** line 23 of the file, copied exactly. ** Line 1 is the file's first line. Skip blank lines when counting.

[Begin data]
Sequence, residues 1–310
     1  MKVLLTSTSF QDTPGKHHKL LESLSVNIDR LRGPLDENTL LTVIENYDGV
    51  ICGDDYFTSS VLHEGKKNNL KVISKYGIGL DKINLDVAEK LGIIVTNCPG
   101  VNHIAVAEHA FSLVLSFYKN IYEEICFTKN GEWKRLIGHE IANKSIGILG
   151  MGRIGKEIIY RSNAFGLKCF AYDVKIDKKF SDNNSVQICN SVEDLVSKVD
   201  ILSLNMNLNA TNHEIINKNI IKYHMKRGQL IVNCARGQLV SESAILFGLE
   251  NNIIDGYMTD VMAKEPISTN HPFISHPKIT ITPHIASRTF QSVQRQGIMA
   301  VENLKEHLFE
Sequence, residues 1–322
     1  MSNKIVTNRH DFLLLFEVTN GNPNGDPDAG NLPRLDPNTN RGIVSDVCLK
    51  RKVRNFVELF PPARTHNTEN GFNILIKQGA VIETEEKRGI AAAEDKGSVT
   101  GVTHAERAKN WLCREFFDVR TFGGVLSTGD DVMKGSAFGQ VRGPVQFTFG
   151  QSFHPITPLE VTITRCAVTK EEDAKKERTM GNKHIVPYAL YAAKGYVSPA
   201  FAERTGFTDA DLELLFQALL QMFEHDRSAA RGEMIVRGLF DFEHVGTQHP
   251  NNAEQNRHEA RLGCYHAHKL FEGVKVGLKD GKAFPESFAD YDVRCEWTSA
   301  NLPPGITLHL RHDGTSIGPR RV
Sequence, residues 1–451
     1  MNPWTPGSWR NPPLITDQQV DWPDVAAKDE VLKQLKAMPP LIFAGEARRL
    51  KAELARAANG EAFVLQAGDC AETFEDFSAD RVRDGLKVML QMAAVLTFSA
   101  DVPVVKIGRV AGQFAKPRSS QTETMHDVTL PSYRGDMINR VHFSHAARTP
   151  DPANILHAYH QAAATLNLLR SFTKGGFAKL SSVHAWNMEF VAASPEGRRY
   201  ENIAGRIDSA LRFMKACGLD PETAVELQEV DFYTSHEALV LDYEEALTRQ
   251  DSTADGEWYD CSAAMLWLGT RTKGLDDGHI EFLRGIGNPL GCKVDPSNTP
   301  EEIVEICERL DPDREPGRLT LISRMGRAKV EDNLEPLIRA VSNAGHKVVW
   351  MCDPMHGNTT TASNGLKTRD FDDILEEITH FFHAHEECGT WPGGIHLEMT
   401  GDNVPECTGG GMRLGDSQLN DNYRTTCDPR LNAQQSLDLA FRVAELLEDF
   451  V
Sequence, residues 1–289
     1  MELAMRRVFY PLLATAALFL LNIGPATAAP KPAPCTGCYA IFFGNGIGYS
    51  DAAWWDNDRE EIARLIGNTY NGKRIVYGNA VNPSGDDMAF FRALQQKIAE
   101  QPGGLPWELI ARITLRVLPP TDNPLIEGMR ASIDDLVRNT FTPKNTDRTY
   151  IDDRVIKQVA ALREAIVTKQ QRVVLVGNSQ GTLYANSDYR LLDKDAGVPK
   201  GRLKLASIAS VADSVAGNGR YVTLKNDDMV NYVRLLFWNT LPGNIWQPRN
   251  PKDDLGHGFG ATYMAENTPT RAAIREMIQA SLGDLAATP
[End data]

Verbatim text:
   251  DSTADGEWYD CSAAMLWLGT RTKGLDDGHI EFLRGIGNPL GCKVDPSNTP